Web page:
I was not allowed to use sweets for the snack, so I dashed about the grocery store, trying to come up with the components of the choo choo without involving allergy foods like peanut butter and anything sugary. As I stocked up on blocks of cheese and pretzel sticks and wheel-shaped dried cherries, I wondered how I would hold the concoction together. The pretzel sticks might break the cheese apart, and I could not fall back on the mainstays of peanut butter or frosting as edible glue.

Then, beckoning at the end of the aisle, glittered the shiny white rows of Easy Cheese. I held up a can, compared artificial flavors. I avoided looking at sodium or fat. Or ingredients.

It’s sticky. It’s squeezable. It would work.

In middle school I had an addiction to Easy Cheese. Not so bad I would squirt it directly in my mouth, but I could pile it so high on a single cracker that the threat of it toppling was well assured. I didn’t have much access to it, as my parents wouldn’t buy it. But if I went to a party (I come from a long line of gatherings involving Ritz crackers and Easy Cheese) I never strayed far from the siren call of a long lovely flow of yellow cheese product.

My Easy Cheese obsession was abruptly halted at a party in my early 20s. Some friends hosted a Halloween gathering in their double-wide trailer and served, naturally, my favorite pressurized snack. I was sitting at the bar when a drunk guy grabbed the can, pushed the nozzle, and fed the family’s dog a hard dose of Easy Cheese. The dog licked the nozzle and whined for more. The man laughed and set the can back on the counter with the food.

My stomach heaved. I snagged the can along with the others and dumped them into the trash, washing the dog slobber off my hands afterward. I imagine dogs licking it, people licking it. I couldn’t take it anymore. Never again.

But today, it seemed the solution. I bought it, vowing NOT to eat the stuff, although the sweet little yellow top screamed, “Open me!”

I spent a good half hour working with pretzels and cheese and cherries to get it to work. I did not have to use the Easy Cheese. I could even, I thought, throw it out without breaking the seal.

But something was missing. Smoke. I imagined the little curl of yellow spreading upward from the cheese cube engine. I couldn’t resist. I popped the top and pressed my finger on the slender white nozzle. It sputtered at first, showering a splatter of yellow on the counter. Still strong, I wiped it with a sponge. I shaped a little twist of smoke, but it fell off the side. Without thinking, I cleared it off the train with my finger.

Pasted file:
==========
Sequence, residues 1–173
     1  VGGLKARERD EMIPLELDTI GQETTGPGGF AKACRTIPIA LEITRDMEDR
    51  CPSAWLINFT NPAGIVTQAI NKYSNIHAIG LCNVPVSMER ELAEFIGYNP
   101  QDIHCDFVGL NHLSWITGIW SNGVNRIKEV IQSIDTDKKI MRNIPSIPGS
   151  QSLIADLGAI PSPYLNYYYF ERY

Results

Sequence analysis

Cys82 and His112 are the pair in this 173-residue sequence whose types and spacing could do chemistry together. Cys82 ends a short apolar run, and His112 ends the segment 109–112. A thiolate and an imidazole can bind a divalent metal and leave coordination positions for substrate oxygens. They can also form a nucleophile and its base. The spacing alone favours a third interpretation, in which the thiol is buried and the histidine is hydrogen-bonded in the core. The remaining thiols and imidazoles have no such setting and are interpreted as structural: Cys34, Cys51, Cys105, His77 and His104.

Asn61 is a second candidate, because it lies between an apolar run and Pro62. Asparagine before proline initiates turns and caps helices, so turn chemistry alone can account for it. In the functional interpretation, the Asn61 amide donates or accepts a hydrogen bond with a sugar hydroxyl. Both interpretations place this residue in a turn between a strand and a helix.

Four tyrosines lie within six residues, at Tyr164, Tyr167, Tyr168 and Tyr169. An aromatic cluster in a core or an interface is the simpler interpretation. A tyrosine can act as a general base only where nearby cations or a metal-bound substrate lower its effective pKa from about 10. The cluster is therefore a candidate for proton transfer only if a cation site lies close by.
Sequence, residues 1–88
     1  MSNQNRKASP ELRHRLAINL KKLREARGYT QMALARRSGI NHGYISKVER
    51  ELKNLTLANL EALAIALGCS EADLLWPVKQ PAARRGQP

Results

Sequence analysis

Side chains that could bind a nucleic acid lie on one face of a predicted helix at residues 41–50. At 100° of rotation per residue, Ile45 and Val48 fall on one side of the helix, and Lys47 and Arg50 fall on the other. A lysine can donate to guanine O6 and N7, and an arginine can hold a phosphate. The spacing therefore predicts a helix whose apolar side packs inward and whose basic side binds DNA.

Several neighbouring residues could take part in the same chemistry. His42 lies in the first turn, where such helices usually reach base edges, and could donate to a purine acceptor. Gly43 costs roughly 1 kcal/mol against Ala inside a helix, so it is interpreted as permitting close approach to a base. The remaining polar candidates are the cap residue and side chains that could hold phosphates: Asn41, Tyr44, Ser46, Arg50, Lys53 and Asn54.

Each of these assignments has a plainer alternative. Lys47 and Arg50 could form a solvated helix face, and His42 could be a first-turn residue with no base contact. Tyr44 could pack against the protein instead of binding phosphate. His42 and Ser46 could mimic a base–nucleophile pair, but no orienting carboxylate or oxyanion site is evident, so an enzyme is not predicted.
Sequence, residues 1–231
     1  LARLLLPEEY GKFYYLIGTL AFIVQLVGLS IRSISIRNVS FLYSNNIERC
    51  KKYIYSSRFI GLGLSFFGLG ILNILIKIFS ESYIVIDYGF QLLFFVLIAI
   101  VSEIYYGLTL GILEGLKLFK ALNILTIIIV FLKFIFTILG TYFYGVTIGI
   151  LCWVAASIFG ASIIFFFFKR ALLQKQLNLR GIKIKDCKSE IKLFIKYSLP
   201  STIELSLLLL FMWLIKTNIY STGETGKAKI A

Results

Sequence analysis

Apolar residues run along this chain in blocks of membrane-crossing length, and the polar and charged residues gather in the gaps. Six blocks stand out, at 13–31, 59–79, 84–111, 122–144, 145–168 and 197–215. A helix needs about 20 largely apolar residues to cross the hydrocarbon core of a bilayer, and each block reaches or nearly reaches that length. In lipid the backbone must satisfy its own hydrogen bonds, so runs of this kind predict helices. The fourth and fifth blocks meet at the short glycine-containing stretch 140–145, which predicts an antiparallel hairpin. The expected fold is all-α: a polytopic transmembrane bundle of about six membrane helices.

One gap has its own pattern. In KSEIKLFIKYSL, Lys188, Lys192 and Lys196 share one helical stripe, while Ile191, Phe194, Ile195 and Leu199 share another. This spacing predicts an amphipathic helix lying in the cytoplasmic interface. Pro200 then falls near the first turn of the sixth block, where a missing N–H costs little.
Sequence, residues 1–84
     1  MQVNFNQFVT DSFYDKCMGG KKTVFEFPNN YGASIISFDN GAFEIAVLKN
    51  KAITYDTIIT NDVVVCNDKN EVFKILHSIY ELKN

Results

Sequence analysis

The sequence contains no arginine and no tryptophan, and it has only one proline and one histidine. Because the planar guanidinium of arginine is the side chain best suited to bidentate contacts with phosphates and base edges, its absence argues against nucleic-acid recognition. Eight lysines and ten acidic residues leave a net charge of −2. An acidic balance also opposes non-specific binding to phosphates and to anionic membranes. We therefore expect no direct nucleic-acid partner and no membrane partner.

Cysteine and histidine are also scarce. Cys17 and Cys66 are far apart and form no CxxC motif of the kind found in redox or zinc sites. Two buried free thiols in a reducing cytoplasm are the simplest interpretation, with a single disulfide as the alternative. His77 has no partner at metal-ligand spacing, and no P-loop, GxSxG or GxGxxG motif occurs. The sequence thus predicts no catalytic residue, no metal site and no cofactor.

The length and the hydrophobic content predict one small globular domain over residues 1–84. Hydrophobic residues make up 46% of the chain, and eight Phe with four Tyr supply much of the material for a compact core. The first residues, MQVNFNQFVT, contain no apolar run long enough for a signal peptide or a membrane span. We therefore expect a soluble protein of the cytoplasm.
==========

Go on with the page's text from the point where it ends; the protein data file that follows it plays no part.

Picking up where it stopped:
Oh, a finger full of Easy Cheese. What to do? I eyed the sink, the faucet could wash away my temptation.

But no girl with my history could resist for long. I licked the finger, the salty sharp cheese flavor flooding my senses. And I, sadly, was lost.

We’ll see if the can makes it to the end of the day. It’s hidden, but I know exactly where to find it.

I Got a Rock

For those of you poor children unfamiliar with the phrase, it comes from the classic Peanuts Halloween special, “It’s the Great Pumpkin, Charlie Brown.”

After each trick or treat session, each member of the party announces the treat they received. Each time, with great dejection, Charlie Brown says, “I got a rock.” Every year the show airs, concerned children flood any fan club for Charlie Brown they can find with candy. We’re a sympathetic lot.

I waited at the house with great anticipation for my daughters to return from their grandparents’ house this Christmas Eve. Emily jumped out of the car, tote bag in hand, immediately pulling out favorite new toys, a shirt, candy, and coloring books. “Look what I got for Christmas!” she said, spreading her loot all over the stairs.

Elizabeth insisted on walking around from the garage to the front door to ring the doorbell, as is her habit lately. I opened the door for her, blonde hair lit in the sun and asked her, “Elizabeth, what did you get for Christmas?”

She held out her hand and opened her fist. “I got a rock!” she announced.

Children are always the unexpected joy at Christmas. You can spend entire paychecks on toys, games, puzzles or treats, but you can never anticipate the thing that matters most to them–an empty box the perfect size to sit inside, a colorful bow that fascinates them for hours, or, as in the case of little ‘Liza, a rock she found in the dirt at her grandparent’s lake house.

I wish all of you a wonderful holiday filled with simple joys discovered in unexpected places. Merry Christmas.

Christmas Bliss

Two red shirts, size 3T and 6, bought in a frantic 5-minute blitz at JC Penney: $19.95

Two sets of pictures, printed instantly on a dye-sub printer Deanna now covets: $37.85

Cost of items requested during the ensuing discussion–2 Glow-in-the-dark Doodle Bears: $49.90


Eliza, age 3 and Emily, age 6


A tear-free Santa visit! (Kid-wise. Mama gets the waterworks going at just about anything.)